Even in cases where technology is good, it's not the be all and end all. I look at that demo, and I see impressive use of impressive power; what I don't feel is an emotional resonance. Even GLaDOS and Wheatley -- characters which I need to mention don't have faces in the strictest sense of the term -- manage to convey more emotion with their actions and their words.

Technology is important, but it's not what we need to make emotional connections to games. It never has been. What has is the drive to create wonderful, unique experiences. Part of me thinks that the industry seems to be on the verge of forgetting that fact, and the day they do will be a dark one indeed. I hope it never comes to pass, because I want to be doing this, talking about games, loving games, and just playing games, for the foreseeable future. Here's to the next 400.

1 comment:

  1. Oh, hell...I remember that.

    You know, a part of me wonders if these guys on-stage ever run their speeches past Sony (or any company) before they get up there and start speaking. I'm starting to think that's not the case, because there's no other way these conferences can be so consistently embarrassing.

    Now, I'll go ahead and be honest. There's no denying that the better technology gets for games, the more possibilities we -- gamers and developers alike -- have. And as much as we hate to admit it, there ARE some returns to be had for good visuals (I don't think Legend of Zelda: Skyward Sword would be quite the same without the technology powering it).

    But there are key differences. First of all, Cage is out to pursue pure realism, and that's something that can be detrimental to the creativity AND overall effectiveness of a game. I just mentioned Skyward Sword, and though it's the most graphically-powerful Zelda to date, it's overflowing with style that lends itself to unique expressions, sequences, and of course worlds. (It's also worth noting that Nintendo is recreating Wind Waker, one of the most visually-striking Zelda games ever.)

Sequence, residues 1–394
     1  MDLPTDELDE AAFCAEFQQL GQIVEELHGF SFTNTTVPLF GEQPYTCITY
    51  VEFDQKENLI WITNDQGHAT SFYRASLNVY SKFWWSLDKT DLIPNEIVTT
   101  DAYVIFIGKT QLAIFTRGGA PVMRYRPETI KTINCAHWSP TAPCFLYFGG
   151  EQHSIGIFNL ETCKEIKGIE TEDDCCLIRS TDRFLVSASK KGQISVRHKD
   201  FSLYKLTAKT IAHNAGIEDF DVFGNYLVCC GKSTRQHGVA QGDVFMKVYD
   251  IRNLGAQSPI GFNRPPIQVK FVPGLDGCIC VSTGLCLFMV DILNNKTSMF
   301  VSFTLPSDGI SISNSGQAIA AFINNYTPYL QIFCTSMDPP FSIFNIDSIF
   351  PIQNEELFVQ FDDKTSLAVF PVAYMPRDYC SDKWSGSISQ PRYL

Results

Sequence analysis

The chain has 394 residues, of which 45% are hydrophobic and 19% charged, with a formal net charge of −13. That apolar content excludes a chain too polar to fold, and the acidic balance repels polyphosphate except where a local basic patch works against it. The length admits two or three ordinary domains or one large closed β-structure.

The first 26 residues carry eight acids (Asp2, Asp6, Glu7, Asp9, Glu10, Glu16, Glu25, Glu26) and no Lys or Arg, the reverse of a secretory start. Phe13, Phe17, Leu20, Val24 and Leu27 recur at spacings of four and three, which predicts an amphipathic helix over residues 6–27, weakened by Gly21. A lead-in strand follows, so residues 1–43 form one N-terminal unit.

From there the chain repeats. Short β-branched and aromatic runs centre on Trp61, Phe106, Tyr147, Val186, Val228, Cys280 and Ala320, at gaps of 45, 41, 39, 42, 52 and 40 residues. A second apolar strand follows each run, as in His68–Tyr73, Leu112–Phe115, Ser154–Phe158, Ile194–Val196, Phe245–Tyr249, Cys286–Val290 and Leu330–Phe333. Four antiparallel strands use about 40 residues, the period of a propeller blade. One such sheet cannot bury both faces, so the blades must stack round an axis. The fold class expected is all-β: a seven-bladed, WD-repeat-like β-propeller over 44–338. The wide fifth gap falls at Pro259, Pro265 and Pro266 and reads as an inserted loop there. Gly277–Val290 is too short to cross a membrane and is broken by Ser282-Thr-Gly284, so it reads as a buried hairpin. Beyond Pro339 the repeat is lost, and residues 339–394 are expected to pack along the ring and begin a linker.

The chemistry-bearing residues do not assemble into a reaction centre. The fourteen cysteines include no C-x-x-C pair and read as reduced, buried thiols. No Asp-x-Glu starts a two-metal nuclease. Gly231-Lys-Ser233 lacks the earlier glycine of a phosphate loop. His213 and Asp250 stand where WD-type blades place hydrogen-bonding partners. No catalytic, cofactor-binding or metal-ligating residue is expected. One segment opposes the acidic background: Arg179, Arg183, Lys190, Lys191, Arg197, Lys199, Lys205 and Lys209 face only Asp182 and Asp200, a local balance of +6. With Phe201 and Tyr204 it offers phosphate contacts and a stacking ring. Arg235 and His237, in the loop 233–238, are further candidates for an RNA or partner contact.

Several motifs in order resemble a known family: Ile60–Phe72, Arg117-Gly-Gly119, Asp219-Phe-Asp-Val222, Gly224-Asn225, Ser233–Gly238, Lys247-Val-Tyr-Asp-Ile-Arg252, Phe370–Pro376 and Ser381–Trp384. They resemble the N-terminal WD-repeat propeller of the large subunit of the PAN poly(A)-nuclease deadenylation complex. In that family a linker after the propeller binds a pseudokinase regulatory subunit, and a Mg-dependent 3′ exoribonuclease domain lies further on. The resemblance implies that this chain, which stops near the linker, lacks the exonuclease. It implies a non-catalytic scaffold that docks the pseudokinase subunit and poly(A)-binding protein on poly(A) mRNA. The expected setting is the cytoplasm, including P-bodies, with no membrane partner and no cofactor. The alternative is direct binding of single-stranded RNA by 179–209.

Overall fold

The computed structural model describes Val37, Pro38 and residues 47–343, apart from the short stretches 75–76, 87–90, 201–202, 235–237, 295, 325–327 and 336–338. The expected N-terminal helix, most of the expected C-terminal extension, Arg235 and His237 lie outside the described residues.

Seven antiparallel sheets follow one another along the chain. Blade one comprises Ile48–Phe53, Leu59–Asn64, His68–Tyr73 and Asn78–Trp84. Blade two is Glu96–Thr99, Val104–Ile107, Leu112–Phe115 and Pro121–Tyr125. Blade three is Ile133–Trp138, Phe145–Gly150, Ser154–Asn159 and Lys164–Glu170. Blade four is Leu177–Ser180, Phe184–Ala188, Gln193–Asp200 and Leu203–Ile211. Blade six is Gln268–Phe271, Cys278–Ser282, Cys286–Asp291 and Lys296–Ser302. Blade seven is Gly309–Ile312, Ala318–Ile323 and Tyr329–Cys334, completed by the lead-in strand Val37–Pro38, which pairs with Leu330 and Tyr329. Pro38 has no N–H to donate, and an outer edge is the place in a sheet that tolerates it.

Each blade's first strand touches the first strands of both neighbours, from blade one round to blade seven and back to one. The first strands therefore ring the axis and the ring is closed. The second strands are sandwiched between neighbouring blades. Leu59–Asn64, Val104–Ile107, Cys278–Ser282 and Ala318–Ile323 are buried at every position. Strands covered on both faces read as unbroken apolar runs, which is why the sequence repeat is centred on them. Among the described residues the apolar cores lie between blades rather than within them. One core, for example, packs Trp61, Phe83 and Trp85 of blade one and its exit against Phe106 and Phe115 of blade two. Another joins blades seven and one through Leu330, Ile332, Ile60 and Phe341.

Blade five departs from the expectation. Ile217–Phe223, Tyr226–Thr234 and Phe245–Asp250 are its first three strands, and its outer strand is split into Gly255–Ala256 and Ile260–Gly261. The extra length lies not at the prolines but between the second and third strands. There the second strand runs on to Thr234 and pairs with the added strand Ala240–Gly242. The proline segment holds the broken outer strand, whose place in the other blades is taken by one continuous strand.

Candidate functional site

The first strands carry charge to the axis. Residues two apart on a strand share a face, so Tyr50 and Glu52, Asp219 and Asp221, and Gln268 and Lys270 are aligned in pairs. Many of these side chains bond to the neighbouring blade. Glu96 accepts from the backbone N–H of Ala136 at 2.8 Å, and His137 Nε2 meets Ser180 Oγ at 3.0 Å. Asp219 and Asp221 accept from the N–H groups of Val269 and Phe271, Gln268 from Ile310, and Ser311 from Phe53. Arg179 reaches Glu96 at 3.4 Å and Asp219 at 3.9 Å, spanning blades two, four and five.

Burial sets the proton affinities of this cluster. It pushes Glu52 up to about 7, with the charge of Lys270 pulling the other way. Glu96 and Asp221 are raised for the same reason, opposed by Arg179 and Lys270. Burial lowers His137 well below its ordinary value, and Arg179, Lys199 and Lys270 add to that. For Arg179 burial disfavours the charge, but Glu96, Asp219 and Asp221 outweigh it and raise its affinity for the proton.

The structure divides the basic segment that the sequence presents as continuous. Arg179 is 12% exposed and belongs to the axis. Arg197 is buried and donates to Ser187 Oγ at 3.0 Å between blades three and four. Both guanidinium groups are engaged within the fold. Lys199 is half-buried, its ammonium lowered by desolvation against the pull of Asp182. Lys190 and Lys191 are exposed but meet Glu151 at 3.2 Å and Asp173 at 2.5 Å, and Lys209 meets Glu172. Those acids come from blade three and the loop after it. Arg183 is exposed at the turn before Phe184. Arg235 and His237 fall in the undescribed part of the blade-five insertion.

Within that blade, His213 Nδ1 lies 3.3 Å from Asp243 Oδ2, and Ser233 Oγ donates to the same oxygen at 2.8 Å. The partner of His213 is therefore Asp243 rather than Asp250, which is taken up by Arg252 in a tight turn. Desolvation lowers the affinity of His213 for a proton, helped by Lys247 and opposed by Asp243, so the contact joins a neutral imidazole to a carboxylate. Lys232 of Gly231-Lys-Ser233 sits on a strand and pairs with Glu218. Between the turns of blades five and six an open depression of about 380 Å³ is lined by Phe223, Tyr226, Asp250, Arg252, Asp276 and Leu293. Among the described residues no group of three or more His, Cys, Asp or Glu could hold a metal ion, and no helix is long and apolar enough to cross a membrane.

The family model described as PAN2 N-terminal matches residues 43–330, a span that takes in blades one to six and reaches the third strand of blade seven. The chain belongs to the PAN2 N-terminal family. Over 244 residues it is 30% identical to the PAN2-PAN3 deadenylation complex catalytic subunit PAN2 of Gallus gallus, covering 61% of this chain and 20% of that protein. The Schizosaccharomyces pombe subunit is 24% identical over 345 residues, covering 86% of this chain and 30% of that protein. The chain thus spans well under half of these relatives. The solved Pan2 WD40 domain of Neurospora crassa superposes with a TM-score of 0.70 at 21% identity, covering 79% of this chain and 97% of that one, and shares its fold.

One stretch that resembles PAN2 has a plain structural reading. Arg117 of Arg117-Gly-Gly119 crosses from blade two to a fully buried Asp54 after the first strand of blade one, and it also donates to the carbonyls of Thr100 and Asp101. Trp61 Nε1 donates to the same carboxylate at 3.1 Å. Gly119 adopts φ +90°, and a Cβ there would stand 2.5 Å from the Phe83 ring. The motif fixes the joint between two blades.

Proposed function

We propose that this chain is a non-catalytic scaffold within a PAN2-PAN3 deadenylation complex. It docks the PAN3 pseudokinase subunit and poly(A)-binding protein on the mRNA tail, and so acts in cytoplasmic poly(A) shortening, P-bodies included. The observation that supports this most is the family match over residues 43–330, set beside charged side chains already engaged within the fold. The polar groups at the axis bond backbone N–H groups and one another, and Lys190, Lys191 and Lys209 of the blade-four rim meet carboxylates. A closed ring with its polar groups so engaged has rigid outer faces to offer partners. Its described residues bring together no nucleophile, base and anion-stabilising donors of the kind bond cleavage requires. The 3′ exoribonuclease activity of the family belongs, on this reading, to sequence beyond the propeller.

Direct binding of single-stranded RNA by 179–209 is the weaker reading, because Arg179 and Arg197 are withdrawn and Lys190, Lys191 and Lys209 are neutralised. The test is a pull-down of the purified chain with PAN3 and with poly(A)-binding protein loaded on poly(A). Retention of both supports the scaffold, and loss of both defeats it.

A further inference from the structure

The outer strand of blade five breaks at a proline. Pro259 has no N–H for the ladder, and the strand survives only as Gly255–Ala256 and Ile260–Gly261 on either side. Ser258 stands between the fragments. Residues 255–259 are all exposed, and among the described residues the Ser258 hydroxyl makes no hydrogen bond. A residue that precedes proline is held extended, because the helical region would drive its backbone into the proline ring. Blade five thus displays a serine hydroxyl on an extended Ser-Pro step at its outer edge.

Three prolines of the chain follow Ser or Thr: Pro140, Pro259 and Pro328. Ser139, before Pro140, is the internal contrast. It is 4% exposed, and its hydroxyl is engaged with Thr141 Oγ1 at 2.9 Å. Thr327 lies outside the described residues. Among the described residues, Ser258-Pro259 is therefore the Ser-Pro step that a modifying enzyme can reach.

Second -- and I wish I could get a room full of developers, Cage or otherwise, together to explain this -- video games are about more than DEM GRAFFECKS. Do I really need to list some of the games that have been visual masterpieces, but failures in every other category? Do I really need to point out how games can stumble so much on fundamental elements of storytelling in spite of the literal millions of dollars used to create them? Do I really need to point to significantly less-powerful games that succeed triumphantly in being emotional, memorable, know, actually good? No, I don't.

    I don't understand this industry anymore. How is it that gamers and bloggers know these things by heart, but the ones putting out these products have yet to even understand such basic concepts? How?

    Jeez Louise. I sincerely hope that Cage is in the minority when it comes to this way of thought. He can't -- he just CAN'T represent the mindset of the gaming industry.


    ...On a more positive note, congratulations on your 400th post. Celebrate by eating...I dunno, 400 of something. I recommend grapes. Nice and healthy.